Should the Predators be looking to sign Nick Bonino?
Now that both the expansion and entry-level NHL Drafts are over with it’s time to look at some unrestricted free-agents that may or may not be a good fit in Nashville. First up in our series is center Nick Bonino.
The 29-year-old Bonino is coming off of a 37 point (18 G, 19A) regular season and was a big part of the Pittsburgh Penguins Stanley Cup runs over the past two seasons. Bonino had four goals and three helpers in 21 games played this postseason including two goals in Game One against Nashville in the Cup Final.
Bonino has been the third-line center for the Penguins playing behind two of the best centers in the NHL in Evgeni Malkin and Sidney Crosby. It’s safe to say Bonino won’t be busting up the center depth chart in Pittsburgh, but he could be a top-six center for the Preds.
He is also the definition of a two-way forward. Bonino averaged 16:39 of ice time this season including 2:17 on the penalty kill and 1:43 on the power play per contest where he scored six power play goals. He finished fourth on the team in blocked shots with 99 and second among Penguins in takeaways with 41. One of the strongest aspects of Bonino’s game is faceoffs; he was the No. 2 faceoff man for the Penguins behind only Crosby in terms of total draws taken (1,213) winning 48 percent of them. Looking at those numbers and his two-way ability, he could be a strong addition to replace Mike Fisher if the Preds captain decides to retire this summer.
A look at Bonino and Fisher side-by-side. All numbers reflect 5-on-5 play per 60 minutes with 5 being the average around the league:
In looking at his offensive numbers, they certainly don’t jump off the page, but in three of his last four seasons he has registered at least 37 points including a 49-point campaign with the Ducks back in 2013-14. Bonino registered 142 shots on goal this season in 80 games for an average of 1.8 shots per game which would have put him at 10th among Preds this season. His 5-on-5 Corsi For percentage of 46.3 percent may alarm some, but his above average shooting percentage of 12.7 percent and two-way ability could make him a strong addition to any team around the league.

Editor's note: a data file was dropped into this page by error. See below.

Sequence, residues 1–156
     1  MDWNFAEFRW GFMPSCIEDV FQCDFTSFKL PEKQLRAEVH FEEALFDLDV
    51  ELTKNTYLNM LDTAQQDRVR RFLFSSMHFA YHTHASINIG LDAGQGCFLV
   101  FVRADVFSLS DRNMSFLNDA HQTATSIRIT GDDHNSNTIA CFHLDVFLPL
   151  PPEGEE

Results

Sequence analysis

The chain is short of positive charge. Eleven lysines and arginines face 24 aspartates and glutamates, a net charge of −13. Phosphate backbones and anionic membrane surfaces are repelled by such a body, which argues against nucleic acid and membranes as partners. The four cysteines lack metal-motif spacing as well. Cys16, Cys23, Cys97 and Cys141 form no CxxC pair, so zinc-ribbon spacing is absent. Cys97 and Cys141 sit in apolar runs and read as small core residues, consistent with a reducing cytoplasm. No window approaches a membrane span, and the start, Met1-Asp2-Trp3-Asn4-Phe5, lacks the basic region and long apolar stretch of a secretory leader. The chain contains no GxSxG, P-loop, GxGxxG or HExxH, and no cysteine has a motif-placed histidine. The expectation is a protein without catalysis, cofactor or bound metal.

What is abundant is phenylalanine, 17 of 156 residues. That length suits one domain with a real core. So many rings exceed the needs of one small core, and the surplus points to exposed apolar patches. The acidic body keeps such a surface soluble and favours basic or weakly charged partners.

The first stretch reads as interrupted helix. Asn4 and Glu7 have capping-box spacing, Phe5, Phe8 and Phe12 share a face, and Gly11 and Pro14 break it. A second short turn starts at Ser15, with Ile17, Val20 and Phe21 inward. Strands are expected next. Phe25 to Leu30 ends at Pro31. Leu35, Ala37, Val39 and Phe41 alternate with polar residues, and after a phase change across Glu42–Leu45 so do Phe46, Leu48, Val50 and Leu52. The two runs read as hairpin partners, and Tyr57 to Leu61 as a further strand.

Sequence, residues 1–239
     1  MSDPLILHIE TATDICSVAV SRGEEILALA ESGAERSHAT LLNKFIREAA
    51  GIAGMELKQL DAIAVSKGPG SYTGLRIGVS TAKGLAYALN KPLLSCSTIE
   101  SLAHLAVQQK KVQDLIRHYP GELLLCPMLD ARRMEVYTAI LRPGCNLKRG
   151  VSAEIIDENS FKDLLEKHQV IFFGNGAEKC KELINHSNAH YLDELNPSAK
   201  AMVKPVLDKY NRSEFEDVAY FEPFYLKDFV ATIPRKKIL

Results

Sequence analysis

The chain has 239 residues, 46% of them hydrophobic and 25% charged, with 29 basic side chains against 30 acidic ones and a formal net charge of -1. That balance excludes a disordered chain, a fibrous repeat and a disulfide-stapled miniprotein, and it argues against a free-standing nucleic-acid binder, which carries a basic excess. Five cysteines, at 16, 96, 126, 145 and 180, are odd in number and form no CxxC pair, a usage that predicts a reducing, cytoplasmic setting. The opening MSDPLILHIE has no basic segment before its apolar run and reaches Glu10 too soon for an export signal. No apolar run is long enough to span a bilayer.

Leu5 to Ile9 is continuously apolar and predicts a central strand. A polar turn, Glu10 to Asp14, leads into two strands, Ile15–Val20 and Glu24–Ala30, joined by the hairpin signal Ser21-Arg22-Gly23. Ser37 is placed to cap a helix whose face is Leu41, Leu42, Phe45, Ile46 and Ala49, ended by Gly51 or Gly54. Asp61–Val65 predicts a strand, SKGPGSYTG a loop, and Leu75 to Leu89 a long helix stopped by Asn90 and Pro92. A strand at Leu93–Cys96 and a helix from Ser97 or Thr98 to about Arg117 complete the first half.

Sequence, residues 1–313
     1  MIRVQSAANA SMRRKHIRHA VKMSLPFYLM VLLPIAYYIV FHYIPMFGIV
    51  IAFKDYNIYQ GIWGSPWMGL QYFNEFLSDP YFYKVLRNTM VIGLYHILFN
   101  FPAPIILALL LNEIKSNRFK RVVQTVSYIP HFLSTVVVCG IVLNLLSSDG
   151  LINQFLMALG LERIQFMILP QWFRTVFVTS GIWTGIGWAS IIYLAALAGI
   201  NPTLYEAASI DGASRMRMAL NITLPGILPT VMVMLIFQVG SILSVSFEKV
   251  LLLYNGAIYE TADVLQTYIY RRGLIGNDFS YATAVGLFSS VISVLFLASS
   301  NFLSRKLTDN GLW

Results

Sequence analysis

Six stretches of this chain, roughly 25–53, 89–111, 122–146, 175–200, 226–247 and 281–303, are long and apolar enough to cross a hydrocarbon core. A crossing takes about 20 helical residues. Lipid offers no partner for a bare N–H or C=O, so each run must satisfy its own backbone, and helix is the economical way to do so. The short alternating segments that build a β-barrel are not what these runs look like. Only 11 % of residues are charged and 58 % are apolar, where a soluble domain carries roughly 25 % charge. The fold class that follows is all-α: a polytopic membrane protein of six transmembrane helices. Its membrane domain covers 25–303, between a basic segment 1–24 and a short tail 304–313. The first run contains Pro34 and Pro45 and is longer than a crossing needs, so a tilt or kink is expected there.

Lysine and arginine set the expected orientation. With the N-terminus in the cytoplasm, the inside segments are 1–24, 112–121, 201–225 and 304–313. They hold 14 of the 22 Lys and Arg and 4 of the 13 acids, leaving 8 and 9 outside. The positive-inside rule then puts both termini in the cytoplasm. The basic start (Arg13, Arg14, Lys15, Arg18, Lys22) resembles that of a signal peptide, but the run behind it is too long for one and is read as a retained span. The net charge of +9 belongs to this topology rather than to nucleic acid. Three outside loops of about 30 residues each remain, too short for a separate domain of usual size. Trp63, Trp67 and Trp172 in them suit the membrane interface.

Bonino carried a cap-hit of $1.9 million last season with an AAV of $2.1 million. As for Pittsburgh’s cap situation, the Penguins currently have a projected cap-space of $18.9 million which isn’t a small amount by any means, but the Penguins have other unrestricted and restricted free-agents that they’ll be looking to re-sign as well including the likes of Trevor Daley, Chris Kunitz, Conor Sheary, Brian Dumoulin and Justin Schultz.
It is no secret that the Penguins will be looking to re-sign Bonino, but the fact of the matter is that Bonino is due a rather large pay increase, likely around the $4 million per year mark, and the Penguins may not be able to offer him that type of money when it’s all said and done. Pittsburgh General Manager Jim Rutherford has reportedly told all of the team’s unrestricted free-agents to hit the open market on July 1, see what the numbers look like, and come back to the Penguins with that number per The Post-Gazette.
Nashville has a projected cap-space of $22.7 million, but that number will decrease after re-signing free-agents on their own books which include Ryan Johansen and Viktor Arvidsson who both will be looking for rather large increases in salary.
So, back to the question at hand, should the Preds look to add Bonino? The answer is yes, particularly if one situation arises. The biggest factor here is the offseason’s biggest question; whether or not Fisher is going to retire or sign on for at least one more year with Nashville. If Fisher decides to hang up the skates, Bonino should be a priority when it comes to unrestricted free-agents for the Preds.
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If Fisher doesn’t retire, signing Bonino – who again will be looking for a pay raise – may not be the Preds or their fans most wishful move, but the Preds would become a better team by adding Bonino. One of the most important things to look at here is of course Bonino’s salary. If he could be signed for around the $3.5 million AAV mark, no more than the $4.2 million per year range, then signing Bonino would be a huge addition both on and off the ice.
Adding Nick Bonino would add a boost to Nashville’s special teams units while also giving them a two-way center that does have the ability to find the scoresheet at a reasonable rate. Bonino is a complete player in the sense he doest it all. He’s also a very experienced player at just 29-years-old winning two Stanley Cups and that type of experience is rare.
Bonino should be on the Predators’ radar if the price tag isn’t too high.
Salary figures via CapFriendly.